Even news anchors feeling tough times

The New York Times has a story this morning about the economy-driven layoffs of big-name local-market TV anchors.

The story's "nutgraph," or central point:

Across the country, longtime local TV anchors are a dying breed. Facing an economic slump and a severe advertising downturn, many stations have cut costs drastically in the last year, and veteran anchors, with their expensive contracts, seem to be shouldering a disproportionate share of the cutbacks. When station managers are forced to make cuts, hefty anchor salaries are a tempting target.

TV news is a big deal in Philly. Stations so far have not seen wholesale anchor cuts, though whittling has been going on here and there for some time.

Dave Huddleston, let go in June from Fox29, took a pay cut when he signed to do weekends at CBS3. Staying in town was important to him. Who out there thinks that Thomas Drayton, who replaced Huddleston at Fox29, is making Huddleston's old salary?

David Brunner, a TV agent in town, says stations are going after what may be perceived as "expendable" employees. "The days of three- and four-person sports departments and weather people who produce three [shows] a week are over," Brunner says.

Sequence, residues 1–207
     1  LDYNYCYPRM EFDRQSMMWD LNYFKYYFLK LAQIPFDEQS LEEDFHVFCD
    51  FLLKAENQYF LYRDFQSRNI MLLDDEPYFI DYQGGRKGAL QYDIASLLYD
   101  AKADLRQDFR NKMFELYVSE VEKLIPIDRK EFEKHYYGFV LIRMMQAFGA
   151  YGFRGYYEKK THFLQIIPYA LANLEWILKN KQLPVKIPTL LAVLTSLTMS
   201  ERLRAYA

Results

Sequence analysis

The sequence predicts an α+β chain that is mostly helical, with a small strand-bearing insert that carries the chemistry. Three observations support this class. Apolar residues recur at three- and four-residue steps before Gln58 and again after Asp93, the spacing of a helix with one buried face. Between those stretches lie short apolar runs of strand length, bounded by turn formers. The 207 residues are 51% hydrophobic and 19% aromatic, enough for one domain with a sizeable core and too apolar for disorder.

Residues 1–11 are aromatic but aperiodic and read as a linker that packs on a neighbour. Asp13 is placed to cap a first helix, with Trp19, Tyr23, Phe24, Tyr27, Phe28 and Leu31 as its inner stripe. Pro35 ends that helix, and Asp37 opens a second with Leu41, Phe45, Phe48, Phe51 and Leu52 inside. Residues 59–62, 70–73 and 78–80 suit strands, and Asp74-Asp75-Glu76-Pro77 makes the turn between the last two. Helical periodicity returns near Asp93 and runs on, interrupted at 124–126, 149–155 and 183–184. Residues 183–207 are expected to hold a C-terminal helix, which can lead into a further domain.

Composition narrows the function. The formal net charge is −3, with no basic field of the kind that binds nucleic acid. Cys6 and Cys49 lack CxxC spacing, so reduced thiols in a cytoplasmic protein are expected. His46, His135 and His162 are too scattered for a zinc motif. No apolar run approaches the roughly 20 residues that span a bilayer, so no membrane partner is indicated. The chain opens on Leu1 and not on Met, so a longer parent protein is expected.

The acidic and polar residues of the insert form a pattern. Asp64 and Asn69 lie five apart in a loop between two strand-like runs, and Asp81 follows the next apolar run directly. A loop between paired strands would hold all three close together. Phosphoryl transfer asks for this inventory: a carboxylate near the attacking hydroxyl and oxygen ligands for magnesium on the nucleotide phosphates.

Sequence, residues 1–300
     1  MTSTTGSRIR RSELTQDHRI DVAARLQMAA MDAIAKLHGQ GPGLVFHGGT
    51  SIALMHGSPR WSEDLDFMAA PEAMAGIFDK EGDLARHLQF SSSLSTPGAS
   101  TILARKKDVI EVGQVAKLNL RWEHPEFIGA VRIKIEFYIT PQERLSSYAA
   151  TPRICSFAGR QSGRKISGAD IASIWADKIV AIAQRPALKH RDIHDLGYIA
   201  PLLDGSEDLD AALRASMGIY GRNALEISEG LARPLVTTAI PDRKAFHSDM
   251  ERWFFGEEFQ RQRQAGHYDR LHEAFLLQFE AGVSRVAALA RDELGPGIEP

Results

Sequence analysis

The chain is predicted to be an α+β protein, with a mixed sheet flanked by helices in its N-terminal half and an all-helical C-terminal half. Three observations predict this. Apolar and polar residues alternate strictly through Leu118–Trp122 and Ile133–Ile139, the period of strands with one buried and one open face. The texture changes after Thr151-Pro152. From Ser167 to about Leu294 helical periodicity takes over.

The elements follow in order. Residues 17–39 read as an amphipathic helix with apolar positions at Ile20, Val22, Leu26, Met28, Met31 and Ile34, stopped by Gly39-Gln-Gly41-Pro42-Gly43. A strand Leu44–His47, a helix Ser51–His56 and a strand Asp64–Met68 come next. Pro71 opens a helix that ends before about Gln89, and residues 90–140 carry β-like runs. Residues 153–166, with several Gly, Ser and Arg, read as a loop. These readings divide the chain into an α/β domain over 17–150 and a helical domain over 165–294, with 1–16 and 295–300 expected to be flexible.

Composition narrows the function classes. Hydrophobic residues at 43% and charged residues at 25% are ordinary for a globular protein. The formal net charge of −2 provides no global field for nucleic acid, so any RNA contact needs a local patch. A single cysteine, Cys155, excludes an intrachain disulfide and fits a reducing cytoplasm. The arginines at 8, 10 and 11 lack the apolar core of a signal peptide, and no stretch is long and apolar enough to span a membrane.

Slots are going unfilled. There have been no direct hires to replace the four Philly anchors who left involuntarily this year: NBC10's Vince DeMentri and Lori Delgado and CBS3's Alycia Lane and Larry Mendte. (Lane-Mendte were making a combined $1.5 million while their successors Chris May and Susan Barnett, who were already on staff, probably are making half of that.) May, incidentally, was brought in to replace the retired Marc Howard, who was paid $800,000 to anchor one 4 p.m. newscast.

Stations are teaming up to save money. NBC10 and Fox29 are pooling video and helicopters.

Crain's New York Business reported last week that CBS took a $14 billion write-down on its television and radio assets in the third quarter and reported a 17 percent drop in operating income for its television division related to lower ad sales. At News Corp., operating income for Fox Television Stations dropped 48% in the first fiscal quarter, which ended Sept. 30. CBS's stock price has plunged 83 percent in the past 12 months; News Corp.'s has declined 73 percent. New York's local stations are expected to end the year down as much as 15 percent to 20 percent.

One quote in the Times story:

[Hofstra journalism professor Robert] Papper says longtime anchors at top-rated stations in local markets are at little risk of being laid off. But “if I were a very highly paid anchor of a No. 3 station, I’d be really nervous,” he said.

Renee Chenault-Fattah? Tim Lake? Dawn Stensland? Unless you're the top-rated Jim Gardner (who might have the only $1 million-plus deal out there) or one of his colleagues on Action News' 6 and 11 p.m. shows, you may be vulnerable.